The launch surfed a final wave and passed to Painter’s right. He ducked to avoid being hit. “Sorry!” Danny called to him, dragging in the oars.




The boat’s prow ground into the sand with a screech of aluminum. The wave receded, leaving the boat beached.




Painter crawled and kicked out of the water, gaining his feet.




The eight men and women clambered from the launch. Coral helped Kara, while Danny, Omaha, and Clay half fell out of the boat. Only the three Desert Phantoms—Captain al-Haffi and his two men—remained on their feet, scanning the beach.




Painter lumbered farther out of the lapping water, sodden, limbs heavy. He crossed beyond the tide line in the sand. Winded, he turned to see how the others were faring with the launch. They’d have to hide the boat, drag it somewhere, or sink it.




A shadow loomed behind him. He failed to see the raised fist. He was struck in the face. Too weak, he simply fell backward onto his rear.




“Omaha!” Kara called out.




Painter now recognized his attacker. Omaha stood over him.




“What are you—” Before Painter could finish, the man was on him, shoving him back into the sand, one hand on his throat, the other going for another punch.




“You goddamn son of a bitch!”




Before the fist could land, hands grabbed Omaha’s shoulder, shirt. He was tugged backward. He fought, twisting, but Coral had a fistful of the man’s collar. She was strong. Cotton ripped along the neckline.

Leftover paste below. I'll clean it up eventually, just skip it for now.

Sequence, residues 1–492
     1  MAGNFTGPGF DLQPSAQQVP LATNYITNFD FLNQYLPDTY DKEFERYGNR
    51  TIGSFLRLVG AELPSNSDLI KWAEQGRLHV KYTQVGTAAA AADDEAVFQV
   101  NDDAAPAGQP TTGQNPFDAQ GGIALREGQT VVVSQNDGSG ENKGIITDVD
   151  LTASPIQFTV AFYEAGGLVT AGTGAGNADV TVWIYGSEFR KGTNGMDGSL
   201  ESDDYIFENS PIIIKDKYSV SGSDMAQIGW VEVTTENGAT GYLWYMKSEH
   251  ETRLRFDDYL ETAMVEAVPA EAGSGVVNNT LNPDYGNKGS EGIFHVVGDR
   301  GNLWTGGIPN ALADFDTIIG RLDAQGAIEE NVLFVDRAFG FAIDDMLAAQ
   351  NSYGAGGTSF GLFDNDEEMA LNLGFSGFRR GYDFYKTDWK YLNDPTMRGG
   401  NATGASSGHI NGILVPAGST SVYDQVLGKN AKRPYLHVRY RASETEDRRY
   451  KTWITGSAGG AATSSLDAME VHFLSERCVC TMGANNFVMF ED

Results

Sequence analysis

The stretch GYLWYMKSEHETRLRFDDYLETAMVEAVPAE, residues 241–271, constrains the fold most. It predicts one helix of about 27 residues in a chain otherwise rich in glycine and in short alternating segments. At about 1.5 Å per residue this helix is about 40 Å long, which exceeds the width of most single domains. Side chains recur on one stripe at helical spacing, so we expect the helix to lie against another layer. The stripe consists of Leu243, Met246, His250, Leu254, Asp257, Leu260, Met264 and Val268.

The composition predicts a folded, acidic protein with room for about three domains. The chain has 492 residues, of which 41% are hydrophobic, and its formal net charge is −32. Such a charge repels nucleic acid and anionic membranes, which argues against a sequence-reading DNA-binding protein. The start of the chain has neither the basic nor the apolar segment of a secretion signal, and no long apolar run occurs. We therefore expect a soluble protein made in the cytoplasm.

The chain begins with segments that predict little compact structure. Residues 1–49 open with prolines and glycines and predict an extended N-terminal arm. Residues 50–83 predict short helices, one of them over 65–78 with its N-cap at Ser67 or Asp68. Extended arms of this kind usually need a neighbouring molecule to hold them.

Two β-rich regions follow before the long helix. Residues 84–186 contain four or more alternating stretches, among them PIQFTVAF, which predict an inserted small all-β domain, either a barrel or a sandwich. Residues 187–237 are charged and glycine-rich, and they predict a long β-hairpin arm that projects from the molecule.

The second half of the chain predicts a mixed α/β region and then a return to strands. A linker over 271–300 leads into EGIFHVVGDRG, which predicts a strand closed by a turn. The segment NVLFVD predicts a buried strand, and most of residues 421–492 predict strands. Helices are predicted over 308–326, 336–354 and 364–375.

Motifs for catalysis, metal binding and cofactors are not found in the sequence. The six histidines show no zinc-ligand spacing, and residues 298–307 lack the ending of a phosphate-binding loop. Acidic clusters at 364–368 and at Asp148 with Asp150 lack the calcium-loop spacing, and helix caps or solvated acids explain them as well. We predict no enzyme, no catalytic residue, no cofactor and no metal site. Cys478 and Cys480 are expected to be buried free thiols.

Painter took the opportunity to scramble backward. His left eye wept from the first punch.




“Let me go!” Omaha bellowed.




Coral threw him bodily into the sand.




Kara circled to his other side. “Omaha! What the hell are you doing?”




He sat up, red-faced. “That bastard knows more than he’s been telling us.” He jerked a thumb at Coral. “Him and his Amazon sidekick.”




Even his brother tried to calm him. “Omaha, this isn’t the time to be—”




Omaha shoved up to his knees, panting, spittle flying. “Goddamn right it’s time! We followed the bastard this far. I want answers before we move one step further.” He heaved to his feet, swaying a bit.




Painter gained his feet with an arm from Coral.




The others all faced them, a line drawn in the sand between them.




Kara stood in the center, glancing at each group. She held up a hand, seeming to settle on a side. She faced Painter. “You said you had a plan. Let’s start there.”




Painter took a deep breath and nodded. “Salalah. That’s where they’ll be taking Safia. Where we have to go next.”